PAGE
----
Lay a solid foundation

As with Maslow’s Hierarchy of Needs, there is a hierarchy of employee engagement needs. At its base is a clear understanding of the position. This includes what is expected in terms of results and behaviors, as well as how the position contributes to the overarching goals of the organization. Next, employees want opportunities to develop, learn, and grow. While this may equate to promotional opportunities at times, more often it means they want to be challenged and stretched in their role. This requires quality coaching and ongoing feedback. Finally, employees want accountability that is aligned with authority. In other words, in those areas that managers want employees to be responsible for specific outcomes, employees need the flexibility and support to get things done.

Since accountability typically means fulfilling a commitment, managers need to work with employees to make certain that the expectations are well understood and achievable. It is critical to provide timely, frequent, fact-based feedback that is designed to help employees meet their commitments. It is important to make sure that employees are clear about the consequences, whether they meet the commitment or fail to meet it. This is not about threats, it’s about employees clearly understanding the impact that their success or failure will have on the organization. Appreciation, recognition, and reward are key components in this hierarchy. According to Gallup, when recognition and rewards are based on things that are meaningful to individual employees, they feel more significant and have a greater motivating influence than a one-size-fits-all approach. Their research also shows that recognition is most memorable for employees when it comes from their own manager or the CEO.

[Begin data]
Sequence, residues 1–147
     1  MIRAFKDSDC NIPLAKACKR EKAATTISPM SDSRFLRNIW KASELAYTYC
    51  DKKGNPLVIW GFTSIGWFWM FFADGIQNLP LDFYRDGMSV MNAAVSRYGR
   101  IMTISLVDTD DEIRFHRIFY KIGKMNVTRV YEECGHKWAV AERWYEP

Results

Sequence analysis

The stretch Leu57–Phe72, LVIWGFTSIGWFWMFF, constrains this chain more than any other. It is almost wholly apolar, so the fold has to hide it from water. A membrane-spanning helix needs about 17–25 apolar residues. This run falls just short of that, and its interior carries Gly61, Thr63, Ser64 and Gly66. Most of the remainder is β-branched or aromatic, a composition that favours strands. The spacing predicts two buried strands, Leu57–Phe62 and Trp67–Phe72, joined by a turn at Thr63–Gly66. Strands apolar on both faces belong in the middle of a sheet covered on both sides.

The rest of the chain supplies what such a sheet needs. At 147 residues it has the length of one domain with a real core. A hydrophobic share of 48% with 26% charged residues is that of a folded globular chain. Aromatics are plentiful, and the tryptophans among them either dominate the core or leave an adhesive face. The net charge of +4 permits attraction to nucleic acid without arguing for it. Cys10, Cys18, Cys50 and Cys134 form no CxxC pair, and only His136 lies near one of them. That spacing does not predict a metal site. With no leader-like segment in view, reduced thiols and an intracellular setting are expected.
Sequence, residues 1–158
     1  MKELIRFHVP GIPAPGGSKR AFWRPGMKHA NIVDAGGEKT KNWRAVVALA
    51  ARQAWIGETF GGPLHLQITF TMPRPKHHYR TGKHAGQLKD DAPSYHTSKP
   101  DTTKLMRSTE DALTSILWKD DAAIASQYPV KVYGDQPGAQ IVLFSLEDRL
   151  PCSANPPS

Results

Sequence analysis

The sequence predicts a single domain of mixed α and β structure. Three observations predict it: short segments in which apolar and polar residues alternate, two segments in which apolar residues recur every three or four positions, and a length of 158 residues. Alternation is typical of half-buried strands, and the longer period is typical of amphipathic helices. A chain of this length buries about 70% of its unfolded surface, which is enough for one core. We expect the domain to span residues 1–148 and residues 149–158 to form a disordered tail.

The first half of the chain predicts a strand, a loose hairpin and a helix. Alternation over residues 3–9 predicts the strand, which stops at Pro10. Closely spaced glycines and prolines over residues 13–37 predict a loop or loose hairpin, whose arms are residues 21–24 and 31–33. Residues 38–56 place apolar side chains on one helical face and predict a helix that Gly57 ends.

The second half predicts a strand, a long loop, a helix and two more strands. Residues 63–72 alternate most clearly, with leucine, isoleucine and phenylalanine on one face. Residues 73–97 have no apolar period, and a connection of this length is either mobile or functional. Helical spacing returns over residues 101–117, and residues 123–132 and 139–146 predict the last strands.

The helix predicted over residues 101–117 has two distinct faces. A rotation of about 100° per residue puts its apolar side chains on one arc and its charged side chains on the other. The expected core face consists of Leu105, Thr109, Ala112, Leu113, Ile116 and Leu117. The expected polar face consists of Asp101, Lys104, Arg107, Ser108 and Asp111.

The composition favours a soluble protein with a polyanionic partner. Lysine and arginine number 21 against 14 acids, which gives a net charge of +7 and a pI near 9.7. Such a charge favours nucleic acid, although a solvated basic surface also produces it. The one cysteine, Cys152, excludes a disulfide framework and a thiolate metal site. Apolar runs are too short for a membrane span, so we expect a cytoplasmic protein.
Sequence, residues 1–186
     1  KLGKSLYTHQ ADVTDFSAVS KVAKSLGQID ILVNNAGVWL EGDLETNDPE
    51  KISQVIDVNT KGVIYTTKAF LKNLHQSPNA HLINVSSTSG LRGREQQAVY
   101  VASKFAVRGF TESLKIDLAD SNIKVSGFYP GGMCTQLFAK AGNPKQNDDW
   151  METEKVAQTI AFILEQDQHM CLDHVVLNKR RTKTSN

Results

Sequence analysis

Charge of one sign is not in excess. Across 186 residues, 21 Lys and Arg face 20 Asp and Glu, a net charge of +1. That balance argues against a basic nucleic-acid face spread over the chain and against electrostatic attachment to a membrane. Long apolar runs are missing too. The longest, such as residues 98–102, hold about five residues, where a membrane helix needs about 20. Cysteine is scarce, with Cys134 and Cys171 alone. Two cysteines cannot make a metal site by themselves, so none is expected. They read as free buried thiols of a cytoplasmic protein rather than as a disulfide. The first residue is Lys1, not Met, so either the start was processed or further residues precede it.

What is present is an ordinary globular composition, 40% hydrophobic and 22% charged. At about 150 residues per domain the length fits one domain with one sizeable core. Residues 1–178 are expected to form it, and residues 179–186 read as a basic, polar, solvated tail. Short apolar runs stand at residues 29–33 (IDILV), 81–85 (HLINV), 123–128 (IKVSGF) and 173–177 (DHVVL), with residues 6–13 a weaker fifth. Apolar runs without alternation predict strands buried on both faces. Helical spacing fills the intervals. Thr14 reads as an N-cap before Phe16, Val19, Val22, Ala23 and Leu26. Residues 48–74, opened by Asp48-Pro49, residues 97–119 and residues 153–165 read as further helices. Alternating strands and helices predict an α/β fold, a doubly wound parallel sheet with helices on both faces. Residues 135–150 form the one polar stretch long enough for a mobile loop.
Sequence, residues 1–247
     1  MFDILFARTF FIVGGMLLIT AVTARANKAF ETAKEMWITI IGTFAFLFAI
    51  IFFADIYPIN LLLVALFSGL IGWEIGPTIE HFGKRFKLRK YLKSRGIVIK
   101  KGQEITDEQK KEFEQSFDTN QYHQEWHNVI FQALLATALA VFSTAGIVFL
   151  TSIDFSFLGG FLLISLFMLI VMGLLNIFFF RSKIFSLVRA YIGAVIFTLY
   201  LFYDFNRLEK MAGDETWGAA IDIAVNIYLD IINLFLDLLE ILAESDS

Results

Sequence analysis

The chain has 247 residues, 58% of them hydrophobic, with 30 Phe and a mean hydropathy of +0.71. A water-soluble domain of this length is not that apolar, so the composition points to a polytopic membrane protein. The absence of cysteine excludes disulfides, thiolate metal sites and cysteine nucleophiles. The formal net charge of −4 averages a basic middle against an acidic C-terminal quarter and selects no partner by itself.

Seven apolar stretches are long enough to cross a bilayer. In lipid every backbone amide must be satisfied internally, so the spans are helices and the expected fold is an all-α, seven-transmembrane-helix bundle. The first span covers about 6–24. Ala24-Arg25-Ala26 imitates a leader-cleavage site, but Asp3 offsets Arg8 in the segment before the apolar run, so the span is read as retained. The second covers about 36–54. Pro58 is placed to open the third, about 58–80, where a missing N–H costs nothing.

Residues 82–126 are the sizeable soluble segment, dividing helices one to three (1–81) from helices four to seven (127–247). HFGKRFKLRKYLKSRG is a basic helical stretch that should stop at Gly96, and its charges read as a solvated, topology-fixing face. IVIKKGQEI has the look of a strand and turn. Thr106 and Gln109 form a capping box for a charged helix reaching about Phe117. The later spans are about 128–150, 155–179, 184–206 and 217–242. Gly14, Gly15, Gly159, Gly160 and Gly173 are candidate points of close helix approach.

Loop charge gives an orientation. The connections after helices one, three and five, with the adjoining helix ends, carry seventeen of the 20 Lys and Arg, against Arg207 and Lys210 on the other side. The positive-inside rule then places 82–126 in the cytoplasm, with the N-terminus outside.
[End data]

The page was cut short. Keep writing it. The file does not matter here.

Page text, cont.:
Physical work environment

The way that the workplace feels and looks not only contributes to the organization’s culture, it tells you a great deal about what it is like to work there. Think about the difference between an environment where each employee is in a private office and there are limited meeting spaces versus an open-air environment with multiple collaboration spaces located nearby. While neither is right or wrong, both contribute to and reflect the organization’s culture. One may be said to be more traditional and supporting of individual contribution and the other more collaborative and supporting of team contributions.